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Why hasn’t Michael Gove been arrested?

During the Conservative leadership campaign, a question on many people’s lips will have been ‘Why hasn’t the former Justice Secretary been arrested?’  This follows his admissions to using cocaine on several occasions earlier in his career.

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So, could he face the legal consequences of this?

Cocaine is a Class A drug.  This is the most serious category.  Drug offences are governed by the Misuse of Drugs Act 1971.  Whilst buying a controlled drug in this scenario is not an offence, possession is. It carries up to seven years in prison.

Is Michael Gove’s confession enough?

Possibly.

The Prosecution will usually have to prove that a substance is in fact a controlled drug.  The most convenient way to do that is through a forensic report which analyses the substance.

In this case, though, the drugs are long gone and can’t be analysed. The prosecution would have to rely on his public confession.

A confession was relied on in R v Chatwood [1980] 1 All ER 467 where the Court of Appeal said that a confession could amount to evidence that, on the face of it, the defendant had been in possession where he was expressing an informed opinion.

Whether Michael Gove’s opinion could be described as ‘informed’ would be the key question.  This is likely to depend on how often he used the drug.

His confession could be used as evidence, however, if he were to be charged with attempted possession under the Criminal Attempts Act 1981.

The prosecution could accept that Gove did not actually possess cocaine but allege instead that he had tried to possess it. The maximum sentence is the same.

Has it been too long to charge Gove with a drugs offence?

No.

There is no general ‘Statute of Limitations’ in England and Wales.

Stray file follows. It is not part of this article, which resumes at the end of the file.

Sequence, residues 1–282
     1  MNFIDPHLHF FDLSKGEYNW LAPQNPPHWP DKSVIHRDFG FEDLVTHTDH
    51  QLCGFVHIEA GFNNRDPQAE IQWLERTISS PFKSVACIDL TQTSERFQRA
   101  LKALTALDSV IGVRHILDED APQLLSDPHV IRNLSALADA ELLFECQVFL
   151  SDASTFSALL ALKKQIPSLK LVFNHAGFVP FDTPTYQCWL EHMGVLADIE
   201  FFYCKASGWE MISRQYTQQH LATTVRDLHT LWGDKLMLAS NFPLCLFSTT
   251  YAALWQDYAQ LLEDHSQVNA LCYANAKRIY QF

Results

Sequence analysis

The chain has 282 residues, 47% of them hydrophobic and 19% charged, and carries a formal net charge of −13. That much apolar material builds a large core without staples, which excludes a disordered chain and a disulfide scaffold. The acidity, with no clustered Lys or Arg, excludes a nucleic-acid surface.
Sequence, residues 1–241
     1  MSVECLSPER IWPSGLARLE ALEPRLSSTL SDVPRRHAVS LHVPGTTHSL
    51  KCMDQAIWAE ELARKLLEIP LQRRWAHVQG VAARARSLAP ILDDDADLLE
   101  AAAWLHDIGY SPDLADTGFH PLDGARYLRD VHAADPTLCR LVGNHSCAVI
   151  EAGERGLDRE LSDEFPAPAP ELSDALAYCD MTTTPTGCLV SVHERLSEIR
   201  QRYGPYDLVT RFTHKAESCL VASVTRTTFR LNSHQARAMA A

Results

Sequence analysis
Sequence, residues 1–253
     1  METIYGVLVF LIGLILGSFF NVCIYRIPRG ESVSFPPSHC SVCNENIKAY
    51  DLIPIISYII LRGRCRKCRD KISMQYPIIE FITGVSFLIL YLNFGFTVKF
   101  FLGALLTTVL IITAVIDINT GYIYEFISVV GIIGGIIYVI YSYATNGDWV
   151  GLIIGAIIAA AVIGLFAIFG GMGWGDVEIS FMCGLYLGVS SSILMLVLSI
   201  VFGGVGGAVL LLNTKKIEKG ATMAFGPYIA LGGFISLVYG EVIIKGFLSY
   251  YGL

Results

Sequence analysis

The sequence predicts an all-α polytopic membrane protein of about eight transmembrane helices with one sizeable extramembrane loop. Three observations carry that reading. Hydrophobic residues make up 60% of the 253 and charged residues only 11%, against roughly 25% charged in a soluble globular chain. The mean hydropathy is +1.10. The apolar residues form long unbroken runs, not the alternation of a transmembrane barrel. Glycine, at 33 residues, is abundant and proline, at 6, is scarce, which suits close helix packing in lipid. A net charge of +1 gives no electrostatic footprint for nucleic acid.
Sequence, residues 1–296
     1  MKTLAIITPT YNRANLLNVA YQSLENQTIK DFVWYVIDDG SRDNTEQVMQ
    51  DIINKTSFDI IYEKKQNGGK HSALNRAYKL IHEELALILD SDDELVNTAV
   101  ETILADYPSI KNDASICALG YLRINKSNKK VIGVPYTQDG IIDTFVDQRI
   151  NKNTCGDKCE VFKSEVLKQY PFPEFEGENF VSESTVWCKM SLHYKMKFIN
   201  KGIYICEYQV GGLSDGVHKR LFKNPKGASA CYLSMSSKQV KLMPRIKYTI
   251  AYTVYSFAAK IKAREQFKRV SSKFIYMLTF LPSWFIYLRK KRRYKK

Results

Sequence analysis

Offences only triable in the Magistrates’ Court usually have a limit of six months, but possession of a drug is not one of those.  You can read more about the law here.

He could, theoretically, still be charged.

Will Michael Gove be prosecuted?

The Crown Prosecution Service would make a decision as to whether a prosecution should proceed.

To do this, they apply the Full Code Test set out in the Code for Crown Prosecutors. This is the same for every offence.

The Full Code Test has two stages which need to be met. These are the

  • evidential stage, and the
  • public interest stage.

In short, there needs to be enough evidence for a realistic chance of conviction.  It must then be in the public interest to bring a case. If a case fails either test, it will not be prosecuted.

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The importance of his admissions

The confession is potentially enough evidence for a case to be brought. A Crown Prosecutor would have to be satisfied that it, and any other evidence, is admissible and leads to a realistic prospect of conviction.

Any evidence from Owen Bennett, the City AM political journalist who outed Gove’s cocaine use in his unauthorised biography of the Environment Secretary, or Gove’s political advisors to whom he confessed would need to be carefully considered, and a prosecutor may have grave doubts as to its admissibility.

In the event there was enough evidence, the case would also have to pass the public interest stage. A case will usually pass this stage unless there are factors against the prosecution that outweigh those in favour.

This stage takes into account a lot of factors, including the seriousness of the offence, the circumstances, any harm caused, impact on any victims, and whether a prosecution is proportionate.

The likely penalty would be a small fine or community punishment at most.  After all this time it may be that a discharge would be deemed appropriate.

As a result, although Gove could be prosecuted, it is unlikely that he will be in all of the circumstances. Reputationally and politically, this admission could exact a great cost, but it is unlikely to end up in court.

Contact a specialist criminal lawyer

This case illustrates the effect that a careless admission could have on a person’s character and career.  Of course, such admissions will have a far more serious impact if made to the police.

As a result, you should always take our advice prior to any police interview, whether as a volunteer or under arrest.

The advantages of such early advice legal advice can be found here.

If you have already been interviewed or face court proceedings we can still make a real difference to the outcome of your case.  There are circumstances, for example, where admissions made might not be admissable in court proceedings.

Legal aid may well be available to fund your defence at court.

We have offices across the East Midlands and will happily travel across the country to provide representation for all offences.

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VHS Fletchers offices across the East Midlands

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